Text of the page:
Final Destination 2

I believe “Final Destination” (2000) was a widely misunderstood film. On its face, it seems to be a generic, unbelievable horror film about teens who get killed, with thin characters and wooden dialogue. Upon further examination, though, it becomes clear that the filmmakers — “X-Files” veterans James Wong and Glen Morgan — intended it that way. They want us to laugh with the film, not at it. Surely these guys, being responsible for many genre-defying episodes of a genre-defying TV series, know “lame horror flick” when they see one. “Final Destination” was not meant to be taken seriously, but as a wickedly dark spoof that, like “X-Files,” successfully blended mockery of horror with actual horror. On that level, it was a decent piece of entertainment.

Now comes the depressing and obligatory sequel, made by new, inexperienced people, featuring almost none of the faces from the original, and using not a continuation of the first film’s plot, but THE SAME PLOT, recast with different characters. It is wearisome to contemplate Hollywood’s dearth of good ideas.

The story is that a teen-age girl named Kimberly Corman (A.J. Cook) foresees a horrific traffic accident in a vision, acts accordingly, and prevents the deaths of nine or 10 people who would have otherwise perished. But this messes with Death’s design — when it’s your time to go, it’s your time to go — and soon Death, merry prankster that he is, begins killing off the survivors anyway, using increasingly elaborate and ghastly methods.

Kimberly knows what’s going on. The near-accident occurred one year to the day after a teen-age boy foresaw a plane crash, got off, and spared the lives of several people, all of whom also died soon thereafter; this is what happened in the first “Final Destination.” She seeks out Clear Rivers (Ali Larter), the one person from that earlier incident to still be alive, though she has barricaded herself at a mental institution, safe from anything that could possibly kill her.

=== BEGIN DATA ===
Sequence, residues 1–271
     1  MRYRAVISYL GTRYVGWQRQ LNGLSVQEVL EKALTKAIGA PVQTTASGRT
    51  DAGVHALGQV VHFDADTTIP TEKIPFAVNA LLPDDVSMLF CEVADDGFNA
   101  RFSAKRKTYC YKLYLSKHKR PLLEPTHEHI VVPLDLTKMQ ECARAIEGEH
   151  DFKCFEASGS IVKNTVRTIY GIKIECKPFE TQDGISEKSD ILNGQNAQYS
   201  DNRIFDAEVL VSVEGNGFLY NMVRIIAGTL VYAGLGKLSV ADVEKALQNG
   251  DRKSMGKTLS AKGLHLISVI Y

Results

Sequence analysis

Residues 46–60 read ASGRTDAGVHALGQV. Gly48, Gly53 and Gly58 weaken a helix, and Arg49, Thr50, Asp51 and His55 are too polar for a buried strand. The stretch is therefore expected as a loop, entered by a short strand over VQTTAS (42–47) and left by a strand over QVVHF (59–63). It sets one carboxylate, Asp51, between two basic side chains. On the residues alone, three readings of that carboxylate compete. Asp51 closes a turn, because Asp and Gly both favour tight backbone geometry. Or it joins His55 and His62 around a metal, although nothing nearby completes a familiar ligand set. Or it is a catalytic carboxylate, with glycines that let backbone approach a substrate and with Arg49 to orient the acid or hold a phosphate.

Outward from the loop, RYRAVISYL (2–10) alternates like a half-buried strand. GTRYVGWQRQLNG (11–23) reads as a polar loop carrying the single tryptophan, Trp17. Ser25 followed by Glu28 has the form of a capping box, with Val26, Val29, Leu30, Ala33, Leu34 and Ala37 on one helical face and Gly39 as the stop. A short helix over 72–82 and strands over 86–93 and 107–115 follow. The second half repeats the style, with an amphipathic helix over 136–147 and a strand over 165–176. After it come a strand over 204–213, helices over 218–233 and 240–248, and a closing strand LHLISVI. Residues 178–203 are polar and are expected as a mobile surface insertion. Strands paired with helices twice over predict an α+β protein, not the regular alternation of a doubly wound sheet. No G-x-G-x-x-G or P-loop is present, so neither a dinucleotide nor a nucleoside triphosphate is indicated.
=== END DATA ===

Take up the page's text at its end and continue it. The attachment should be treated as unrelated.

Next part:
(This is a typical horror-film institution, by the way, all mist-enshrouded and featuring raving lunatics who yell things like, “Get ‘em off me!” when there’s nothing on them.)

Clear decides to help Kimberly and her fellow survivors, who are quickly becoming convinced that Death IS after them, since sure enough, they’re starting to drop like flies. They visit a creepy mortician (Tony Todd, from the first film), who gives them some ideas about how to escape Death once and for all.

The film is a copy of its predecessor, but a bad one. The plane crash vision in “Final Destination”? Whatever critics said about the film, they loved the sweaty terror of that well-produced sequence. The multi-car collision in “Final Destination 2”? OK, but marred by the over-use of fiery explosions, including a car that bursts into flames simply by having its top half — the half where the gas tank ISN’T — being sliced off.

More to the point, the aforementioned attitude of the first film is gone here, like maybe the new filmmakers didn’t even get it, much less were able to duplicate it. Where “FD1” was full of subtle visual clues foretelling characters’ deaths, and the use of “Rocky Mountain High” as a constant harbinger of doom, “FD2” manages one or two lame hints then gives up.

There is no atmosphere. This sequel, a deliciously stupid 90 minutes of outrageousness, actually is all the things that those who misunderstood its predecessor thought IT was. It’s lame and obvious, though I will say that at least it’s never boring. As far as bad movies go, this is a great one.

D+ (1 hr., 30 min.; R, abundant harsh profanity, brief non-sexual nudity, a lot of blood and gore.)